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A Transmembrane Domain GGxxG Motif in CD4 Contributes to Its Lck-Independent Function but Does Not Mediate CD4 Dimerization.

Parrish HL, Glassman CR, Keenen MM, Deshpande NR, Bronnimann MP, Kuhns MS - PLoS ONE (2015)

Bottom Line: CD4 interactions with class II major histocompatibility complex (MHC) molecules are essential for CD4+ T cell development, activation, and effector functions.Here we show that introducing bulky side-chains into this patch (GGxxG to GVxxL) impairs the Lck-independent role of CD4 in T cell activation upon TCR engagement of agonist and weak agonist stimulation.This suggests that the CD4 transmembrane domain is either mediating interactions with an unidentified partner, or mediating some other function such as membrane domain localization that is important for its role in T cell activation.

View Article: PubMed Central - PubMed

Affiliation: Department of Immunobiology, The University of Arizona College of Medicine, Tucson, Arizona, United States of America.

ABSTRACT
CD4 interactions with class II major histocompatibility complex (MHC) molecules are essential for CD4+ T cell development, activation, and effector functions. While its association with p56lck (Lck), a Src kinase, is important for these functions CD4 also has an Lck-independent role in TCR signaling that is incompletely understood. Here, we identify a conserved GGxxG motif in the CD4 transmembrane domain that is related to the previously described GxxxG motifs of other proteins and predicted to form a flat glycine patch in a transmembrane helix. In other proteins, these patches have been reported to mediate dimerization of transmembrane domains. Here we show that introducing bulky side-chains into this patch (GGxxG to GVxxL) impairs the Lck-independent role of CD4 in T cell activation upon TCR engagement of agonist and weak agonist stimulation. However, using Forster's Resonance Energy Transfer (FRET), we saw no evidence that these mutations decreased CD4 dimerization either in the unliganded state or upon engagement of pMHC concomitantly with the TCR. This suggests that the CD4 transmembrane domain is either mediating interactions with an unidentified partner, or mediating some other function such as membrane domain localization that is important for its role in T cell activation.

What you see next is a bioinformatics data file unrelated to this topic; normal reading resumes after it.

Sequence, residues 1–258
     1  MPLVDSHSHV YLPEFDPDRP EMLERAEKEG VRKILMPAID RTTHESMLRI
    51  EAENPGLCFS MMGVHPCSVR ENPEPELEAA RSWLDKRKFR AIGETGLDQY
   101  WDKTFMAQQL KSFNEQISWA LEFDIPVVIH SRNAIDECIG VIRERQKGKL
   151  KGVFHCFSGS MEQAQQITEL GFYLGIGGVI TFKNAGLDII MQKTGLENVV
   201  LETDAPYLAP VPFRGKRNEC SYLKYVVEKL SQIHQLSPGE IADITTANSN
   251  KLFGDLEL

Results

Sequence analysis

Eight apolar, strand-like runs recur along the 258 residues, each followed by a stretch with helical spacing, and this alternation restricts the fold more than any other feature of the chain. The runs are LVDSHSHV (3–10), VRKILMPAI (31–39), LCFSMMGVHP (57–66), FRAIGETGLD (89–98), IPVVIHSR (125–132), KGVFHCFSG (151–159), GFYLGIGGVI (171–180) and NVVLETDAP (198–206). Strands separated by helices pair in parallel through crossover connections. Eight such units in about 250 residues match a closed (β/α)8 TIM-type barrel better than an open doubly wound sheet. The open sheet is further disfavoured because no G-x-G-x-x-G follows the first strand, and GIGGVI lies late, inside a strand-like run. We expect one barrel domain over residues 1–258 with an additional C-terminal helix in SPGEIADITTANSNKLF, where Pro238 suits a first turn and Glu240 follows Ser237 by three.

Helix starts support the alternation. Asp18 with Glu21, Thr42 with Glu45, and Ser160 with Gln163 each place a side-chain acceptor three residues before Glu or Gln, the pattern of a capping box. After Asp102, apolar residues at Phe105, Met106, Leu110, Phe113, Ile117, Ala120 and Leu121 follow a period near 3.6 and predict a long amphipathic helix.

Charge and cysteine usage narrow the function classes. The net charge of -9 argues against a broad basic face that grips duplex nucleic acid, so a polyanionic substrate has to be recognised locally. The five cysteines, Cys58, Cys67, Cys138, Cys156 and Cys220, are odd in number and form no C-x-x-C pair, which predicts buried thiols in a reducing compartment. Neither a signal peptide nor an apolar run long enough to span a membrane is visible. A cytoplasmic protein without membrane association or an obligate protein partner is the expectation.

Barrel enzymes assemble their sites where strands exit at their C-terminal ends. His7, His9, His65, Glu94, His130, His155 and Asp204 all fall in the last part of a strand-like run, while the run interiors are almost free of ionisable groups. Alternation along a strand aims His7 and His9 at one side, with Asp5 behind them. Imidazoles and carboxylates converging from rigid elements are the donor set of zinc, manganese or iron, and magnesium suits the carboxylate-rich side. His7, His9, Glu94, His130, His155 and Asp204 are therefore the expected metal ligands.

No MeSH data available.


The CD4 TMD contains highly conserved glycine residues.(A) CD4 transmembrane domain (TMD) sequence alignment showing highly conserved glycine residues shaded red. (B) Ribbon diagram model or (C) space-filled model of the CD4 TMD with alanine and glycine residues of interest highlighted in magenta (generated with PyMol).
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pone.0132333.g001: The CD4 TMD contains highly conserved glycine residues.(A) CD4 transmembrane domain (TMD) sequence alignment showing highly conserved glycine residues shaded red. (B) Ribbon diagram model or (C) space-filled model of the CD4 TMD with alanine and glycine residues of interest highlighted in magenta (generated with PyMol).

Mentions: The GGxxG sequence in the CD4 transmembrane domain (TMD) represents one such motif (Fig 1A). The spacing of the glycines forms a side-chain free patch along one side of the TMD α-helix that allows tight packing of helices and possibly hydrogen bonding between peptide backbones of TMDs. Such patches have been reported to mediate homotypic or heterotypic interactions in a wide assortment of transmembrane proteins, including glycophorin A (GpA), scavenger receptor class B, type I (SRBI), and the human papilloma virus L2 transmembrane domain [16–18]. The conservation of this sequence in the CD4 TMD of a wide range of vertebrates suggested to us that it might play an important role in T cell activation (Fig 1A).